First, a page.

In today's issue, I will break down three aspects of game design for you that will help you create an engaging player experience.
3 core game UX design ideas: When designing a game, focus on context, participants, and meaning.
Knowing the components in a game that you have to design for, allows you to be systematic in your approach to game design. It allows you to bin player feedback into these categories: context, participants and meaning.
Unfortunately, game design is often an unsystematic process or partially disjointed by focusing on one mechanic at a time.
Design your games by creating a context for participants for meaningful engagement.
In the book "Rules of Play," Katie Salen and Eric Zimmerman describe game design as exactly this process. The origin of the word design is precisely this: pointing something out, giving meaning to something.
Therefore, in game UX design, we should focus on:
Focusing your game UX design on these three aspects will give your game development approach structure and help you from getting lost in unnecessary details.
Here's a breakdown of the three areas:
Design for context
Context is: the game-related entities that are entirely under a designer's control. It refers to the spaces, objects, stories, and behaviours you encounter in games. This is where you have all the design power. Everything here is malleable.
For example, you can design the environment only to allow players to go within a specific invisible tunnel of action (the game God of War is famous for this). You might show them a gigantic world and background but not let them fall off ledges and keep them to a specific pathway you have chosen.
Context determines player actions to a degree. It is where your second-order design (i.e., design for artifacts driving experience, not designing actual experiences) is most potent.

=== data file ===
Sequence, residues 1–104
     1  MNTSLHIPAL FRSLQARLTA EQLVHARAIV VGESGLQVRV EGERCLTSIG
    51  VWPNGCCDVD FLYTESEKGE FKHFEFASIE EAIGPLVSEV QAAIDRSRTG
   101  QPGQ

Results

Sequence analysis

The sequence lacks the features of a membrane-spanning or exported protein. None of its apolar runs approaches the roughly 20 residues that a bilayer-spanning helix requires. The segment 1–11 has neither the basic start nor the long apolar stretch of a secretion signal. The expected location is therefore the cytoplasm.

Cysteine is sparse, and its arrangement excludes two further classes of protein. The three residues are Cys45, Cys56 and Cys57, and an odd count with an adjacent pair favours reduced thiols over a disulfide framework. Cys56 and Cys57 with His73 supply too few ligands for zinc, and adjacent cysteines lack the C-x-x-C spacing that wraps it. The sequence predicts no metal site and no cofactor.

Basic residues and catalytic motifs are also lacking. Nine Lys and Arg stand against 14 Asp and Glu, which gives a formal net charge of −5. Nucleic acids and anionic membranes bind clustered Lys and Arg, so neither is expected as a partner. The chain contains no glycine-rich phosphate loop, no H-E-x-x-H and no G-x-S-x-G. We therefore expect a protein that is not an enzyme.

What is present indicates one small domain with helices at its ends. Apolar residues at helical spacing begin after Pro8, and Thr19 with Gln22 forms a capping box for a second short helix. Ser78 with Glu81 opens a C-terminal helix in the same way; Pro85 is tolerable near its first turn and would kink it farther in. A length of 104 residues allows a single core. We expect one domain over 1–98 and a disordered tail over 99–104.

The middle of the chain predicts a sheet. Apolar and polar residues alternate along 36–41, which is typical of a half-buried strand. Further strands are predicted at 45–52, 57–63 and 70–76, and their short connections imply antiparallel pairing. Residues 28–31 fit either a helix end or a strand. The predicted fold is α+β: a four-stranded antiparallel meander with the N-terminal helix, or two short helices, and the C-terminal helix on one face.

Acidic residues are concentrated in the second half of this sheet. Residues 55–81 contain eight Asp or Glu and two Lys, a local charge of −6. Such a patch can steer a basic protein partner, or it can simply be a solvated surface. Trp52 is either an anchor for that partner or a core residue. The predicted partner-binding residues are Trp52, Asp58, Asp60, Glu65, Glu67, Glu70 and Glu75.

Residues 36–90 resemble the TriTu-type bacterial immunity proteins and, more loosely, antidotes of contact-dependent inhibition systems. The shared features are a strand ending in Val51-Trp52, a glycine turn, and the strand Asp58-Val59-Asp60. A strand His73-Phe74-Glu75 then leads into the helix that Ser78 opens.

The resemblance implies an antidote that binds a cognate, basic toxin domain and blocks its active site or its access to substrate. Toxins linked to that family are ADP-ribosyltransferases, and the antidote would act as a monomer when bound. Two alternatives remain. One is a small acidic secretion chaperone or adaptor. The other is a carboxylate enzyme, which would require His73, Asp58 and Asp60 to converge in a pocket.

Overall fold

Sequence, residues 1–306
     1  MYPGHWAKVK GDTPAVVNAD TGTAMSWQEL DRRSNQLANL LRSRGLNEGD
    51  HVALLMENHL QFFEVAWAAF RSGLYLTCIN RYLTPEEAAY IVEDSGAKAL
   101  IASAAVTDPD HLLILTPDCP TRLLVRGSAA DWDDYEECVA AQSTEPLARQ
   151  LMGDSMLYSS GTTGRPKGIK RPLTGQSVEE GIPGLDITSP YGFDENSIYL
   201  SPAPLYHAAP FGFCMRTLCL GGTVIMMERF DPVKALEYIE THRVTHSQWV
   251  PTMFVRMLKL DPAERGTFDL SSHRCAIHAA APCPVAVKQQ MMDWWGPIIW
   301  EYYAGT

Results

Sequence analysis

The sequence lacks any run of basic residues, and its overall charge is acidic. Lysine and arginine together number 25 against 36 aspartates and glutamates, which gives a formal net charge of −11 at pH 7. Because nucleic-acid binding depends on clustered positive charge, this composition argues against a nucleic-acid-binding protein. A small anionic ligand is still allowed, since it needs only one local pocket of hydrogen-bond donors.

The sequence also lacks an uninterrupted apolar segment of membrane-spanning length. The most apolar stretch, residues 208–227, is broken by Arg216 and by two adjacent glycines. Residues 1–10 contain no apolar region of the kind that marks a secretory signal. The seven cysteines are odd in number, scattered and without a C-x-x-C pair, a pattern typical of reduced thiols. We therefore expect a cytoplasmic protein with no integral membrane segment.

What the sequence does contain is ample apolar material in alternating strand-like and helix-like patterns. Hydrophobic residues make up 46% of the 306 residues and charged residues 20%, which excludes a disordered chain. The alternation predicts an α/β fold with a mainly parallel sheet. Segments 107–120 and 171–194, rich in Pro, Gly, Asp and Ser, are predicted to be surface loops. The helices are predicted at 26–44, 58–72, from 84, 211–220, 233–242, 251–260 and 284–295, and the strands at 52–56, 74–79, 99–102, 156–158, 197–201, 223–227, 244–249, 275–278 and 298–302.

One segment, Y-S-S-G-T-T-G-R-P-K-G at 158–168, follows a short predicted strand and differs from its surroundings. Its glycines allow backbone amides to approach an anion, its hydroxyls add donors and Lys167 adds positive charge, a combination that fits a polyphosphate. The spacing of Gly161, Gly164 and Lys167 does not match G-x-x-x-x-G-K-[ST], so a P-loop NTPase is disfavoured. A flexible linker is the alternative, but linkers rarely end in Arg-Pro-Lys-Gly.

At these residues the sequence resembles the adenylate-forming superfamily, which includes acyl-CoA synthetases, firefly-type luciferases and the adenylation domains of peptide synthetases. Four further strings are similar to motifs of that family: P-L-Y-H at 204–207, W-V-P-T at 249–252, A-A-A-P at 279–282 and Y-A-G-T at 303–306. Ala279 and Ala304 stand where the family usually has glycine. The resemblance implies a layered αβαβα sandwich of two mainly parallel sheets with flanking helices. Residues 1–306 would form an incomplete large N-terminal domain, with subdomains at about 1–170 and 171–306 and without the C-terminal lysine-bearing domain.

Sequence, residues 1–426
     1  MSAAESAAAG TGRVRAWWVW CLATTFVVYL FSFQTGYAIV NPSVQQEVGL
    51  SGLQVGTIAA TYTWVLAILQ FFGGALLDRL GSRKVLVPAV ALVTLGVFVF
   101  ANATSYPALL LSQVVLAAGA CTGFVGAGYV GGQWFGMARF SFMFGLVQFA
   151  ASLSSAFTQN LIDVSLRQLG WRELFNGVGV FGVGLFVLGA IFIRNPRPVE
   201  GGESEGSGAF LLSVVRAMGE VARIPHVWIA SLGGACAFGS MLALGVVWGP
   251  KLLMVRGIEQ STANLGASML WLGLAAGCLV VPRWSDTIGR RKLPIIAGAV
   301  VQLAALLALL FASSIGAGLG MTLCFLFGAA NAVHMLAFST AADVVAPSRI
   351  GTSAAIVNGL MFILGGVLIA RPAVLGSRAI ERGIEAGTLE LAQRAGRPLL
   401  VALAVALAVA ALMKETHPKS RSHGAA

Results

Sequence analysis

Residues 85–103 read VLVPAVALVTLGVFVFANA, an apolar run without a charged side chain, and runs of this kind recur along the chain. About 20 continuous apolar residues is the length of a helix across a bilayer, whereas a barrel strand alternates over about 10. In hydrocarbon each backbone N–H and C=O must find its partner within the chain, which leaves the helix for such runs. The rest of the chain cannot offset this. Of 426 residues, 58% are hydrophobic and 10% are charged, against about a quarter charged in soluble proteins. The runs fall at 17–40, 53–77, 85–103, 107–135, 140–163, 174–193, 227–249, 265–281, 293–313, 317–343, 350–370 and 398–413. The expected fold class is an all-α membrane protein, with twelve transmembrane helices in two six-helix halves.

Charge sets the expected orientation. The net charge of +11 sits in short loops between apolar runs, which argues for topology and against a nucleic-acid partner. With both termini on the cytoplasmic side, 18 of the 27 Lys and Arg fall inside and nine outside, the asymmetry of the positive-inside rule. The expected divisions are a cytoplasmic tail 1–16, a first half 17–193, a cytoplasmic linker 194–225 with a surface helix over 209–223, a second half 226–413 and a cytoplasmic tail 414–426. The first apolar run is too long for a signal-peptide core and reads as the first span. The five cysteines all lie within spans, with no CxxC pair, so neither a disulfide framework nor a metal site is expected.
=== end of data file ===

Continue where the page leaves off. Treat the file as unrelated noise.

Design for participants
In games, participants are the players acting upon your game context. For example, via manipulation or exploration. They inhabit your game world to play.
Designing for participants is designing action opportunities in your game that permit participants to take specific actions. It is where you can apply insights from playtesting the best as participants will show you what interactions they were expecting and where they are looking for clues in your game context.
Designing for meaning
Meaning is the effective driver behind our engagement in video games. Designing something meaningful for people will keep them coming back to the game.
In games, we have to design choices for players to create an internal conflict. Do this or do that. Meaningful choices are the foundation of games.
When players take action in your game, meaningful play emerges from the agency that players feel. Meaning here refers to the value of something encountered in a game for the individual player.
Even in real life, meaning is essential because it helps us navigate our world and read the people and the world around us. Our everyday interactions are guided by meaning-making.
UX Research App of the Week: Aurelius